There are some things we just don't want to hear: The disease is incurable. The relationship is over. The economy won't rebound anytime soon.
The dog is aggressive is a big one in my business.
A firefighter back east called last week with a real head-scratcher. He has a 3-year-old Cane Corso, which is an intelligent and powerful Italian mastiff breed. He discovered the dog in an abandoned warehouse a couple of years ago and decided to give it a home. When he relocated eight months ago, the dog suddenly took to growling. And, no, the story doesn't end at that.
The fireman took his Cane Corso to the dog wash in his new hometown, where a woman oohed and aahed and asked for permission to pet him. Initially the man kept her at arm's length, explaining it really wasn't safe. But she persisted and asked him why he had the dog in a public place if it wasn't safe.
The story ends with this: The man acquiesced, and the dog bit the woman.
If you follow this column regularly, you aren't surprised. It happens all the time. People let love cloud their sanity: women go back for beating after beating; men live with belittlement and emasculation; dog owners tolerate the snarling, snapping, biting objects of their affection.
I asked the firefighter, "Is the dog trained?"
"Yes, I'm a trainer."
"I thought you were a firefighter."
"Yeah, but I've had a couple of dogs, and I trained them, no problem."
These days, it seems everyone's a critic, everyone's an economist and everyone's a dog trainer. But in reality, most of us are amateur experts in almost everything. Most people don't know how to cure cancer, the economy or canine aggression — much less all three.
What's the difference between an expert and an amateur?
Dictionaries will tell you money. I say credentials.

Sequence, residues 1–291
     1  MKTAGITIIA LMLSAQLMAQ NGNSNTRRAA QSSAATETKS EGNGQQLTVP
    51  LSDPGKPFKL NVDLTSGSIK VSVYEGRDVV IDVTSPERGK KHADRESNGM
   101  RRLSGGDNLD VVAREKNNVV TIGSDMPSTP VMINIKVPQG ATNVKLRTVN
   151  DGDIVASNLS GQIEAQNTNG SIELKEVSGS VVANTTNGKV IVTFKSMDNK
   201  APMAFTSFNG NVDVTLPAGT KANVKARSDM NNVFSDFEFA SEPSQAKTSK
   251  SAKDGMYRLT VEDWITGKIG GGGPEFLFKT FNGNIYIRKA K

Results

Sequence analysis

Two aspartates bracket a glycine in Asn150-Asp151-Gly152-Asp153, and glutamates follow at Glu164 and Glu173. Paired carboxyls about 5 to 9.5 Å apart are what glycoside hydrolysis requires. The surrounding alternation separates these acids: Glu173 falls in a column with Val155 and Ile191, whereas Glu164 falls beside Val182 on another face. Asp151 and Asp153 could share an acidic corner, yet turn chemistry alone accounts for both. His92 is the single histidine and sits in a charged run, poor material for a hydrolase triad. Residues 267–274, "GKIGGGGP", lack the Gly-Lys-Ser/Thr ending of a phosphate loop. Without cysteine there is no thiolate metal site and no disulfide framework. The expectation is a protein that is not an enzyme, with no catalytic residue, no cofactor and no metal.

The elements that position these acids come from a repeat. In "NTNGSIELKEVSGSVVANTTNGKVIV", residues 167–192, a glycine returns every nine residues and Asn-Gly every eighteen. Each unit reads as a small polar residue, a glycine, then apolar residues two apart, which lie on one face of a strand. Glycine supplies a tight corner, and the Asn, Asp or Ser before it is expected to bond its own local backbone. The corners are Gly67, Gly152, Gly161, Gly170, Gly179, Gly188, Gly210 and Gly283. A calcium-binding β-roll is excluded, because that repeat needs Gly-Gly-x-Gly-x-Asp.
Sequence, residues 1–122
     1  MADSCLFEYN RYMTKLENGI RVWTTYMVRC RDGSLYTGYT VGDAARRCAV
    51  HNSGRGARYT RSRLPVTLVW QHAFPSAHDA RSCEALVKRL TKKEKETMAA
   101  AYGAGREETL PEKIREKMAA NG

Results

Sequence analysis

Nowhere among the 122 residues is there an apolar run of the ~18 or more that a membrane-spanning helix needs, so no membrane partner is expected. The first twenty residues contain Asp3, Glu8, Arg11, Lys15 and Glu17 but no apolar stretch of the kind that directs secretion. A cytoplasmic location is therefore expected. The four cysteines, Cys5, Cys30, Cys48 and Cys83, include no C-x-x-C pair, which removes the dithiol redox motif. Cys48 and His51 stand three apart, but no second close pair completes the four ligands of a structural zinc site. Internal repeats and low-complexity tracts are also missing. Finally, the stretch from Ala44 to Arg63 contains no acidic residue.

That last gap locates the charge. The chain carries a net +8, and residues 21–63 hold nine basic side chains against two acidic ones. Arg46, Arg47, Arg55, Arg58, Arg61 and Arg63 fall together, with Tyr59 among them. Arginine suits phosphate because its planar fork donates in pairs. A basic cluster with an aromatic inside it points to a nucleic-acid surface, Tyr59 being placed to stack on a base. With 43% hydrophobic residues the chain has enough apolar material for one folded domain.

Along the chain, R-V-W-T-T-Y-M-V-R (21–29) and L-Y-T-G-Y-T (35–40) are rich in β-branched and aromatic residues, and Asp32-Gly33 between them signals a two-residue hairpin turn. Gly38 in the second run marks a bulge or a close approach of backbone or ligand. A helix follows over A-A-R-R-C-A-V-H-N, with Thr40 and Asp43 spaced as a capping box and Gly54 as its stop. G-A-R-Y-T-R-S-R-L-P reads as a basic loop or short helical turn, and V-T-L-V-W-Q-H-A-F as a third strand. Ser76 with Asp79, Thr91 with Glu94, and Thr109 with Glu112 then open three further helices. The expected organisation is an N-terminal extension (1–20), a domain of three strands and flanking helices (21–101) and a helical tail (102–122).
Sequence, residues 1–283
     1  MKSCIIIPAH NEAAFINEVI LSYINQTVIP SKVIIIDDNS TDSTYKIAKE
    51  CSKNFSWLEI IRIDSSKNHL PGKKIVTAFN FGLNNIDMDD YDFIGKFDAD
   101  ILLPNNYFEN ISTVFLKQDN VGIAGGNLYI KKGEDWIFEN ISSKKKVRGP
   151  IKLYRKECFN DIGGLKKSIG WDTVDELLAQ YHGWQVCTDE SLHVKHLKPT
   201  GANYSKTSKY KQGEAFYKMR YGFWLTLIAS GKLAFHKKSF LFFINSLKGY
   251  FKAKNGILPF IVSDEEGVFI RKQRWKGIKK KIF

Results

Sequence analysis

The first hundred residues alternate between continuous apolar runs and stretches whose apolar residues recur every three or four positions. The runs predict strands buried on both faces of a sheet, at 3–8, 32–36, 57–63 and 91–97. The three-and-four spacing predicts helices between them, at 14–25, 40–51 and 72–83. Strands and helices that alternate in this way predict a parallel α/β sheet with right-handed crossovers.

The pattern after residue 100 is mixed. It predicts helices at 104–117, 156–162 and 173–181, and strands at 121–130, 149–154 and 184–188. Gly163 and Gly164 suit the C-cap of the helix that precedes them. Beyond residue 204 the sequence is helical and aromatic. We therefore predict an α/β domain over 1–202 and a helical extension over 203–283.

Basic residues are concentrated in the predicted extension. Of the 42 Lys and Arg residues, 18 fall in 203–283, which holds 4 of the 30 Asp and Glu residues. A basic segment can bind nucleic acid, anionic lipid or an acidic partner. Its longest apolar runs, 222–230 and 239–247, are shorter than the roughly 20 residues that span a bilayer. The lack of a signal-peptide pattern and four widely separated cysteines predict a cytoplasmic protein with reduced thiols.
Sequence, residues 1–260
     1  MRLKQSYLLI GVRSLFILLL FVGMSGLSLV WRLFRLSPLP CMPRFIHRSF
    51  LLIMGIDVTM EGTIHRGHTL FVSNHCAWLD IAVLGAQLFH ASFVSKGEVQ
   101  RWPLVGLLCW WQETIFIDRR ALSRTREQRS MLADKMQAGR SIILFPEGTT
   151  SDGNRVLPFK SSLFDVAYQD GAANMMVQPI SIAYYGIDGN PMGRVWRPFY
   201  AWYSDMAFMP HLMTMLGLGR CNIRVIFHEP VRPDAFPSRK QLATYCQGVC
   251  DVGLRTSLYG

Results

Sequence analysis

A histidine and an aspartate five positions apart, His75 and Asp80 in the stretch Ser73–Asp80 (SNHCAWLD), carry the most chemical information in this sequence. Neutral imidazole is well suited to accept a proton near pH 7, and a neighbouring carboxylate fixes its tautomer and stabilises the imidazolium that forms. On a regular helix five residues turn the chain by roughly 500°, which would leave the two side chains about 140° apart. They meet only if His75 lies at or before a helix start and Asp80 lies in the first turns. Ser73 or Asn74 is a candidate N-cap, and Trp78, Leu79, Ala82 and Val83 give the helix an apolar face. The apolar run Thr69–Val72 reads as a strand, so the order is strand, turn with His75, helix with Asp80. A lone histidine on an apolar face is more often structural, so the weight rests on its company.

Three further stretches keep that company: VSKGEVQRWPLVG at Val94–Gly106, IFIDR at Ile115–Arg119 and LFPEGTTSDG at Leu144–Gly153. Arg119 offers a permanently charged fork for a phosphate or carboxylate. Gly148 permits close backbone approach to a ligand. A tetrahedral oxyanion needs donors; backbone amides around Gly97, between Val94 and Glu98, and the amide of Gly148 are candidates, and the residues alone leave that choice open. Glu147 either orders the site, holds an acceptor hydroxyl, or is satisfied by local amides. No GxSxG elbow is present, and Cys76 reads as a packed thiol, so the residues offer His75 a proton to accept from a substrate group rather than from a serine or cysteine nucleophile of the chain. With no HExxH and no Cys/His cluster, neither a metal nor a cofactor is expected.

Countless people have paid good money to noncredentialed, untrained dog or animal behaviorists, only to be left with the same problems and more of them.
The fireman wanted my advice, and I gave it to him:
His dog suffers from fear-based aggression, for which there is no cure. He can and should go forward with a behavior modification plan with the understanding that his dog will never be 100 percent safe to unleash on the world. And under no circumstances should he take this dog into a public place knowing, as he does, that it is an enormous liability. The dog is dangerous and should be kept away from public places and muzzled when not secured at home.
But he didn't want to hear it. "I can't accept this."
Are you surprised?
Truth be told, even if it meant I were forever out of business, doomed to begin again in another career, I do wish everyone were a dog trainer. That would mean a world full of happier people and happier dogs. It would mean close to 5 million fewer dog bites in this country every year. It would mean courts unclogged with the frivolous suits between neighbors and former friends, now at each other's throats over the barking of a dog. It would mean more space in our nation's crowded emergency rooms. It would mean more service dogs and fewer dogfights. It would mean safer kids, stronger families and better communities.
Besides, I've always wanted to be a firefighter. And I have put out a few flames in my day.
Dog trainer Matthew "Uncle Matty" Margolis is co-author of 18 books about dogs, a behaviorist, a popular radio and television guest, and host of the PBS series "WOOF! It's a Dog's Life!" Send your questions to firstname.lastname@example.org or by mail to Uncle Matty at P.O. Box 3300, Diamond Springs, CA 95619.
Copyright 2009 Creators Syndicate, Inc.